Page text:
(55) sam-o/(in case of children) / sam-Sabar (formal)/ sam-painkhana (informal)/ sam-

eit (highly informal)

‘Urge to defecate’

(56) sam pi ( formal)/ sam - Sabar( highly formal)/ sam - juN (informal)

‘Urge to urinate’

(57) sam - thia/

‘Sleepy’

(58) sam - jirhia/

‘Urge to sneeze’

(59) sam - prE

‘Urge to vomit’

(60) sam - sinria/

‘Urge to sneeze’

Group B: The light verb used here is the same as the light verb in the example in (46) above. It also has the same meaning as causative. However, in the following example the causation is an unwilling activity of one of the participants.

(61) u

pön

sum

3sm

caus

bathe

‘He bathes someone by force ’

(62) u

pön

iap

ya-u-ksew

3sm

caus

die

Acc-3sm-dog

‘He killed the dog’

(63) u

-pön

-ya-sn/

ya-ki

3sm

cause

VC-join

Acc-3p

‘He joins them together’

(64) u

-pön

bam-pisa

3sm

caus

eat-money

‘He bribed someone’

Group C: The verb pha/ ‘ask’ or ‘send’ in Khasi is a light verb. It also carries the meaning of causation.

(65) u

pha/

- sum

ya-u-bill

3sm

ask

bathe

Acc-3sm-bill

‘He asks Bill to take a bath’

When a noun is incorporated to a verb it behaves like a verb and the other verbs associated to the incorporated noun become light verb. In (60) below, the noun yEw ‘market’ gets incorporated into the already existing complex verb making both verbs light verbs.

(66) u

- pha/

-lEit

- yEw

ya-u-bill

3sm

Send

go

market

Acc-3sm-bill

‘He sends Bill marketing’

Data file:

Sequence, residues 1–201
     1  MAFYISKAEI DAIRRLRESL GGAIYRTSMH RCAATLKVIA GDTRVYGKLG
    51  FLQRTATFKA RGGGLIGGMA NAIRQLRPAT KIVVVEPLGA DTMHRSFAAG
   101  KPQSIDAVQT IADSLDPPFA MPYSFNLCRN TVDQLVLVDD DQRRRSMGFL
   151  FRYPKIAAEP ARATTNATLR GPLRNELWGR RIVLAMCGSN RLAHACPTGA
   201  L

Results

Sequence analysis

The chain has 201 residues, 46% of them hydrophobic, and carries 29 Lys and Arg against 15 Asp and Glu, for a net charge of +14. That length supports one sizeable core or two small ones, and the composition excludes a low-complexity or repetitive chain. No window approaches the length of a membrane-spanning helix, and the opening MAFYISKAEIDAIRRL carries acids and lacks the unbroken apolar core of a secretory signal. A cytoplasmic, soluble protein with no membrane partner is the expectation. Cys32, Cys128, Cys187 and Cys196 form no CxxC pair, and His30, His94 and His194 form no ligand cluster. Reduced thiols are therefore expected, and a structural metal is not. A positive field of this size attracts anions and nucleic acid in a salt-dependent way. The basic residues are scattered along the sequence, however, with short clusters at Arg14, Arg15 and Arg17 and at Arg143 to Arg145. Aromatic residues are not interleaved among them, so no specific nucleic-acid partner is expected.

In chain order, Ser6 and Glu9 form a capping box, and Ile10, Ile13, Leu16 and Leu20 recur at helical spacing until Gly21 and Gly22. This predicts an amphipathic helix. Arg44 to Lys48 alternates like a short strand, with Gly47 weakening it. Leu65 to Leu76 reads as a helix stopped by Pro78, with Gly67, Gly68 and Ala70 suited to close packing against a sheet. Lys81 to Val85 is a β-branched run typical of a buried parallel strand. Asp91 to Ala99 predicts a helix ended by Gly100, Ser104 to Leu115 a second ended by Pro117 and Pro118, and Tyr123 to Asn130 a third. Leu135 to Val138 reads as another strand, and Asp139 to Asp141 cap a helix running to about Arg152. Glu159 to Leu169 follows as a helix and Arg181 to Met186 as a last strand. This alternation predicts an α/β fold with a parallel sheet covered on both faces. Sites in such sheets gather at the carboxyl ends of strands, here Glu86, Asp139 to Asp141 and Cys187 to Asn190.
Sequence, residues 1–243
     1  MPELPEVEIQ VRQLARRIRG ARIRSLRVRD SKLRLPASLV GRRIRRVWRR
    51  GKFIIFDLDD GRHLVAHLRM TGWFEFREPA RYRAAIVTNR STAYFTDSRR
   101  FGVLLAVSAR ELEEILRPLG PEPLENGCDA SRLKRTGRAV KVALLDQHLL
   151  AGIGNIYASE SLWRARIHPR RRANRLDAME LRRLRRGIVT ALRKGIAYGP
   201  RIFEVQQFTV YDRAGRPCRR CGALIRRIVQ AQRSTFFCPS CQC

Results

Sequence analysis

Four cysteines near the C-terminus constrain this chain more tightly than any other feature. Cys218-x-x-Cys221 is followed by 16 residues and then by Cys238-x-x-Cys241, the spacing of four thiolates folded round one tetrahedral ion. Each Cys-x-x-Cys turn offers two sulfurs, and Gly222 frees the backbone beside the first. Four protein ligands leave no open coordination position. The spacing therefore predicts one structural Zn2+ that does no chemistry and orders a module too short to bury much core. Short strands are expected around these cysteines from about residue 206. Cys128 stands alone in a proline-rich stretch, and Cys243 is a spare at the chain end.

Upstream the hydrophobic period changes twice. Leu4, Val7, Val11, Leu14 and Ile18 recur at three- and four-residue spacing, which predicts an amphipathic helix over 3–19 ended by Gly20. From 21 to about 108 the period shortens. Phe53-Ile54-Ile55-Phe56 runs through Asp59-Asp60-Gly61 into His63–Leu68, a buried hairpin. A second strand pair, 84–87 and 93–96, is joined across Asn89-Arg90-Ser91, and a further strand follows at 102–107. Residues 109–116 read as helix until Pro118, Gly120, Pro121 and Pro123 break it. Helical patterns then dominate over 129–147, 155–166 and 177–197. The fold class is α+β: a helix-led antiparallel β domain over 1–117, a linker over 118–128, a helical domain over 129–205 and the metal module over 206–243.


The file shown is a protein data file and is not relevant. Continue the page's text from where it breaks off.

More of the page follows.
5. Copulas and their constructions

For many years till date, school grammar has always translated the English word is into three words:

(i) lN

(ii) dn

(iii) dEi

These three items, though being translated as is in English, and occur in position of is in English equivalent sentences, are found to be distinct in their semantic interpretation. Moreover, substitution by either is completely impermissible. They each seem to have been grammaticalized or derived from other words.

5.1. l  N

(i) The closer English translation is ‘be’ or ‘become’

(ii) It becomes a Noun when a Nominalizer morpheme is prefixed to it for example:

jiN- lN

Nomz-be

‘Character’

(iii) It can also take a Causative prefix:

pön- lN

caus-be

‘Organise/ make/ form’

(iv) It also functions as a main verb for example:

(67) ka- mitiN

ka-la-lN

3sf- meeting

3sf-Perf- start

‘The meeting has happened (started)’

(68) ka- mitiN

ka-la-lN

minnin

3sf- meeting

3sf-Perf- happen

yesterday

‘The meeting was held yesterday’

The following sentences are indicative of the fact that lN is a copula which is derived in some sense from other words:

(69) u-

lN

nN-hikai

3sm

be

Agent-teach

‘He is (a) teacher’

(70) u-

lN

u-nN-ia-lEh-phutbl

ba-paunam

bha

3sm

be

3sm-Agent-VC-do-football

rel.pro-famous

very

‘He is a very famous football player’

(71) u-

lN

piyn

3sm

be

peon

‘He is (a) peon’

 

l  N seems to indicate a character that has become of a person, or a state of being that has been acquired by an individual.

(72) u-

lN

phisar

Ãm

dEi

piyn

3sm

be

officer

Neg

right

peon

‘He is an officer not a peon’

(73) u-

lN

phisar

ba

dn

burm

3sm

be

officer

rel.pro

have

respect

‘He is an officer who is respectable’/ ‘He is a respectable officer’

(74) u-

lN

dktr

3sm

be

doctor

‘He is (a) doctor (by profession or he has become a doctor)’

(75) u

la-lN

dktr

minta

3sm

Perf-be

doctor

now

‘He has become a doctor now’

(76) u-

lN

u-ba

jEmnud

3sm

be

3sm-rel.pro

gentle